We have heard numerous stories from families that managed to get out saying that ISIS held their loved ones at gunpoint while using their rooftops for fighting positions. So, this is another reality that both the U.S. and the Iraqis have to deal with moving forward to avoid these types of civilian casualties.

ROMANS: And, Arwa, quickly, the U.S. role, U.S. boots on the ground, I know it's mostly an advisory role, you know? But what -- about the president's comment that U.S. soldiers are fighting like never before there?

DAMON: I think it might be a bit of a mischaracterization of exactly what kind of fight America is in in Iraq. They are in an air fight. They have intelligence assets. They have their drones. They have their advice and assist units that are forward but they still remain away from the actual front lines.

We don't have Americans themselves going through clearing these houses and narrow streets themselves. That's all being undertaken by the Iraqis. You do also, of course, have U.S. Special Forces teams, but they too are not on the front line. They're not kicking the doors down at this stage.

So, it's a very different kind of fight that America is engaged in today in Iraq as opposed to, for example, when the troop levels were at their highest back in 2007 and 2008.

ROMANS: It's certainly a long journey. No question. Arwa Damon, we appreciate you walking us through it in Irbil, Iraq, this morning -- thanks, Arwa.

BRIGGS: Perhaps the president's intention was to encourage, was to support of our troops which we should apply.


BRIGGS: More equal pay issues in sports. The top ranked women's hockey team striking a deal for higher pay and better benefits.

Coy Wire up this morning early.

[05:20:00] He has this morning's "Bleacher Report" for us, next.

Good morning, Coy.


BRIGGS: Equal pay issues in sports. U.S. women's hockey team picked up a major win yesterday off the ice.

ROMANS: Coy Wire has more in this morning's "Bleacher Report".

Hey, Coy.

COY WIRE, CNN SPORTS CORRESPONDENT: Good morning, Christine, Dave. It's a good day.

Number one ranked U.S. women's national team came to terms with USA Hockey, ending their boycott at the upcoming world championships. They agreed to a four-year labor and they were looking to be treated more favorably and comparably to the men. Financial terms weren't' released, but we know they were asking for $68,000 in annual salary and benefits that the men receive, like child care, the ability to get disability insurance and maternity leave, too.

[05:25:08] The women will now be able to defend their gold medal on home ice Friday night as the team takes on Canada outside of Detroit in the first-round of the IIHF World Championship Games. Good job, USA. All right. U.S. men's soccer team playing in front of a rowdy crowd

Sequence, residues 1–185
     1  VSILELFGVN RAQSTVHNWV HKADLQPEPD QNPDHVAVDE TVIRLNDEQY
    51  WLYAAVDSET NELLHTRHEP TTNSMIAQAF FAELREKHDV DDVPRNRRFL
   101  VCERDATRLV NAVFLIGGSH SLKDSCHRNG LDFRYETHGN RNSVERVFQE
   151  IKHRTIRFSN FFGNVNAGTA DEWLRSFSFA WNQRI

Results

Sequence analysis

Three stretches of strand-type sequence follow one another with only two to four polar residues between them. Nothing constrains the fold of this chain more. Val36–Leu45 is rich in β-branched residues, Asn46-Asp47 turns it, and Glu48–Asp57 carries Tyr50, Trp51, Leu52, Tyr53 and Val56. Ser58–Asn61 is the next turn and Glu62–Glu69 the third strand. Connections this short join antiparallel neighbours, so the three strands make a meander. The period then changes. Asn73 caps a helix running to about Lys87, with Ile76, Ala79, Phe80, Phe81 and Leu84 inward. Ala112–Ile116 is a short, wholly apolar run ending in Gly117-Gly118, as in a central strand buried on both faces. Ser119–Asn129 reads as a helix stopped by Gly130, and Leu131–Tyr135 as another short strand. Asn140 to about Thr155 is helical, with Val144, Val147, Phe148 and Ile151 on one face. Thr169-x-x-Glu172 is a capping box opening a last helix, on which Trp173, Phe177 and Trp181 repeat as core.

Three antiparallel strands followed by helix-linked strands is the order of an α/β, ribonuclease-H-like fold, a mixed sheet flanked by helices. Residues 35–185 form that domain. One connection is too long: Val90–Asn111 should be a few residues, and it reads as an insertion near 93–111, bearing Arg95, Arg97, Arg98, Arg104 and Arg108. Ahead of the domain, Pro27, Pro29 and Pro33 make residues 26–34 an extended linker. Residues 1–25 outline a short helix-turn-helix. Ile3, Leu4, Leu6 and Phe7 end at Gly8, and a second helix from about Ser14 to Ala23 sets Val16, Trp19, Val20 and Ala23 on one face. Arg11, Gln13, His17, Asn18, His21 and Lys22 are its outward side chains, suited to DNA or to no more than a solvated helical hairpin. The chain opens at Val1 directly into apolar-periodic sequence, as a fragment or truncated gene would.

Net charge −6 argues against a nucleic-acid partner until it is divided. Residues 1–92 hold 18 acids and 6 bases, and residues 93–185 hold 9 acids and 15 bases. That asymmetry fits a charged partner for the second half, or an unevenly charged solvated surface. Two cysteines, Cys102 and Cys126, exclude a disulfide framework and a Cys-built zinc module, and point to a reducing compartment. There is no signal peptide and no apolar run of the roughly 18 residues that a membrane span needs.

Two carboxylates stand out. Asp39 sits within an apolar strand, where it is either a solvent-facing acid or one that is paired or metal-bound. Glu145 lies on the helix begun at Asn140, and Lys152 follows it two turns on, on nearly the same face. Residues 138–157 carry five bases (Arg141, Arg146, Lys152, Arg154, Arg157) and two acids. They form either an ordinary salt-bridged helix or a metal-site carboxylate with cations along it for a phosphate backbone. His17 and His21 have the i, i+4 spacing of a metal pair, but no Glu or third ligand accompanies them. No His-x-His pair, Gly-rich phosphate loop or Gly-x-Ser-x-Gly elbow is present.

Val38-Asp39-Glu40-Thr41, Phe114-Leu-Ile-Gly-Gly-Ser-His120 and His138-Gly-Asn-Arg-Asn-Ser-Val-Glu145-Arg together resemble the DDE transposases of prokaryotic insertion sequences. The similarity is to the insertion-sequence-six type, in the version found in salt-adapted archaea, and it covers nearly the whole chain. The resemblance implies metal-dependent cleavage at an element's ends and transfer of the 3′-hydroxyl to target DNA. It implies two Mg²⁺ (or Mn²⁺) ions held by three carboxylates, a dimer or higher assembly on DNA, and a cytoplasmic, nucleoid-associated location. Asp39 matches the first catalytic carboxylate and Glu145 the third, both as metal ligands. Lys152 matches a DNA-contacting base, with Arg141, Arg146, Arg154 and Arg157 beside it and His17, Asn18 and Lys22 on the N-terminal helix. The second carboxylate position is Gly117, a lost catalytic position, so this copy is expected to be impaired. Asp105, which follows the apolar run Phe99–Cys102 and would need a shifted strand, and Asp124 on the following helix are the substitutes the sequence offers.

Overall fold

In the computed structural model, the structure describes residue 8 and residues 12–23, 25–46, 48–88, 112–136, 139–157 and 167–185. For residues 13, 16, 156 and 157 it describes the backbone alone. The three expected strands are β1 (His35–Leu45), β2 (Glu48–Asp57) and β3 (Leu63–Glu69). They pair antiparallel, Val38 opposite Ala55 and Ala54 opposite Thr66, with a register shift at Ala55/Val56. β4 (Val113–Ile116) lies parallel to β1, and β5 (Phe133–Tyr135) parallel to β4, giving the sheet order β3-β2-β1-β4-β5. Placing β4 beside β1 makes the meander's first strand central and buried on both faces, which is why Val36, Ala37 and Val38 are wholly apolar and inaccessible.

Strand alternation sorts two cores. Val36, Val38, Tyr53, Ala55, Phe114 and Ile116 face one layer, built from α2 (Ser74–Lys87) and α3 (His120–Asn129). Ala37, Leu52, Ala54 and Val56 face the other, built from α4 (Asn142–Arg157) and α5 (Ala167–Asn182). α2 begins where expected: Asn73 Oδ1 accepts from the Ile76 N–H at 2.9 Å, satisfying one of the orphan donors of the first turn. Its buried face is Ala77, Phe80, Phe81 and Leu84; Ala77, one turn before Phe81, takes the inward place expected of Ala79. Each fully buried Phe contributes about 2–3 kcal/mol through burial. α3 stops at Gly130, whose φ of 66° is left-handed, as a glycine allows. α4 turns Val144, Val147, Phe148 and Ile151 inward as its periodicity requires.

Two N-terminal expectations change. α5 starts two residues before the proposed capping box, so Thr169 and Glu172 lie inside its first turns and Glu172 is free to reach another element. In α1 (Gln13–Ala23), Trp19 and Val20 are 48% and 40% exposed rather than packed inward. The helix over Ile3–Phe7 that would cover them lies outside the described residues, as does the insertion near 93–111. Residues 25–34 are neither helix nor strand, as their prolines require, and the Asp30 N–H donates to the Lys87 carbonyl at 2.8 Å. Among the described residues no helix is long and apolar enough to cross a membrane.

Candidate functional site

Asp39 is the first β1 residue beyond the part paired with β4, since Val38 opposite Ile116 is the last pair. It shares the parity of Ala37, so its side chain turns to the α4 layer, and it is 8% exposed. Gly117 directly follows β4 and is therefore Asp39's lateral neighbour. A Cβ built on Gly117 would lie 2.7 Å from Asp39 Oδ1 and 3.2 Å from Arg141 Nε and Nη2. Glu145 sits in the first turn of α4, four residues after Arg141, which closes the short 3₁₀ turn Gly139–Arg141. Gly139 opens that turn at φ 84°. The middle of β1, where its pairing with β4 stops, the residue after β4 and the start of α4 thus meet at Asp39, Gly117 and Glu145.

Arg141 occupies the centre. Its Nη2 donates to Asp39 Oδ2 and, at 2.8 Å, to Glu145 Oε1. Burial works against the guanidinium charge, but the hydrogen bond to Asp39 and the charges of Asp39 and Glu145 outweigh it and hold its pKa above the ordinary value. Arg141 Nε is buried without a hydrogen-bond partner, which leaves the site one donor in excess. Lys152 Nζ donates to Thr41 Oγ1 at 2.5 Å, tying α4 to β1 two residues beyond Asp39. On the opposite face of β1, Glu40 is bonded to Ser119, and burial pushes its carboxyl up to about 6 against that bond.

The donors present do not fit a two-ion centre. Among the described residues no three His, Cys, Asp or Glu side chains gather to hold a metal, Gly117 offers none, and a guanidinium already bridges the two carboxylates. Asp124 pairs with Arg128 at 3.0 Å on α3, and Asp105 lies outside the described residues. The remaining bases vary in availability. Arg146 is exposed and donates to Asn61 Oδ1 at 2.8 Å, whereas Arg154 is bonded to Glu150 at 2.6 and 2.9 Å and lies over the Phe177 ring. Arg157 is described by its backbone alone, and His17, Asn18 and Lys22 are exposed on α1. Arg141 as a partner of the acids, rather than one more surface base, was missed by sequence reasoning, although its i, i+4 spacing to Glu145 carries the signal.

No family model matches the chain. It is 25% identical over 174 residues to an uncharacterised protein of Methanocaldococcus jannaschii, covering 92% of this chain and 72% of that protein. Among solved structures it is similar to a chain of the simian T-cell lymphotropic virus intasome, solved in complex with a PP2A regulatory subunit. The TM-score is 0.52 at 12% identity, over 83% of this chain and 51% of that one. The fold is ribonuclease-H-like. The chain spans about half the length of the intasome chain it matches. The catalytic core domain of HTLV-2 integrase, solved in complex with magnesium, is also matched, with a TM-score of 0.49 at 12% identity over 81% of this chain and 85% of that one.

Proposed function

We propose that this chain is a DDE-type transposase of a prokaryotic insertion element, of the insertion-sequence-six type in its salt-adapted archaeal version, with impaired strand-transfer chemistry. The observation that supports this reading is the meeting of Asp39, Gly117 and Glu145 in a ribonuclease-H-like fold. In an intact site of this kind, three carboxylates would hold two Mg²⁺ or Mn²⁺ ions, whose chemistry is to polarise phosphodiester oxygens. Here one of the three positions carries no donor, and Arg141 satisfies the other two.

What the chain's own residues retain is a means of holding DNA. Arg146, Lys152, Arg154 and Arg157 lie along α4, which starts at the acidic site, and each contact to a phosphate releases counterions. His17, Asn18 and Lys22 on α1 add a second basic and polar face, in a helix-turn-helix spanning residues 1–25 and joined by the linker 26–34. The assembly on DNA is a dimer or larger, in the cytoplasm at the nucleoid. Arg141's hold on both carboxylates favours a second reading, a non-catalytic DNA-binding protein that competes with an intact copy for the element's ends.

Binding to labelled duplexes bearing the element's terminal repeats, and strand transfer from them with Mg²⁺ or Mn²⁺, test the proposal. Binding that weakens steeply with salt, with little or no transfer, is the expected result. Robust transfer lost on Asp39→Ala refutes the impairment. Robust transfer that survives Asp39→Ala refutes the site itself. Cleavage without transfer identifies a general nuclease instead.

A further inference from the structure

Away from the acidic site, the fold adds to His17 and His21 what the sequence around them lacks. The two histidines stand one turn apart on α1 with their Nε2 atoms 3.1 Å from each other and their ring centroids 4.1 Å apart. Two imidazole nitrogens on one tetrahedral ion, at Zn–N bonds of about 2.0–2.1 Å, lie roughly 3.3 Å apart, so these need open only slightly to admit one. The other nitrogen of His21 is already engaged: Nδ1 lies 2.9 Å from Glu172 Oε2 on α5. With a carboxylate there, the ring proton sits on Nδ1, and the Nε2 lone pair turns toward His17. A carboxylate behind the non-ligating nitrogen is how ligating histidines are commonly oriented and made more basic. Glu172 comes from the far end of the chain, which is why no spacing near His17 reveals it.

in Panama City in World Cup qualifying action. After a hat trick on Friday against Honduras, Clint Dempsey was moved within one goal of Landon Donovan's all-time men's national team goal scoring record. That strike there put the Americans up 1-0. Panama scored a few minutes later ending the match at one goal apiece. But Americans pick up a point and are now one step closer to qualifying for next year's World Cup in Russia. They have six matches remaining. Next up Trinidad and Tobago.

South Carolina men's basketball in the Final Four. South Carolina men's basketball is in the final four for the first time ever. And the man who has led them there, coach Frank Martin just maybe one of the most interesting men in the world.

Francisco Jose Martin, born in Miami to Cuban exile parents, raised by a mom, he worked as Dairy Queen at age 12 to help her out, and then worked as a bouncer as a nightclub while attending FY until he was shot at. Then he decided to focus on hoops and coach high school ball.

But the coach never forgot some of the lessons he learned from his old gig like always know your surroundings.


FRANK MARTIN, SOUTH CAROLINA HEAD COACH: I don't know who you are. OK, some of you guys are like brand new to the party here. Back in my bouncing days, I knew exactly who you were because I wouldn't let you through the door if I hadn't seen you before. But --


WIRE: Don't want to mess with coach. I'm going to be flying to Phoenix tonight. I'll be interviewing coach tomorrow.

I'm already prepared. I'm not going to mess with that guy. He's going to know exactly who I am.

BRIGGS: It's huge. Where did you get the giant name tag?

WIRE: Producing. We've got producing going on over here. And the Gamecocks go against Gonzaga Saturday night. I'll be reporting live starting Saturday for us on CNN.

ROMANS: Awesome.

WIRE: Going to have some fun.

BRIGGS: A great moment over the weekend when he was asked a question by a kid reporter and he gave a fantastic long thoughtful answer to the kid. This guy is great.

ROMANS: Awesome.

Look forward to that. Thanks, Coy. Safe travels. BRIGGS: Have fun, man.

ROMANS: The House Intel Committee probe into Trump-Russia connections at standstill over partisan bickering. What do Democrats say it will take to get things moving again after the actions of the Republican chairman?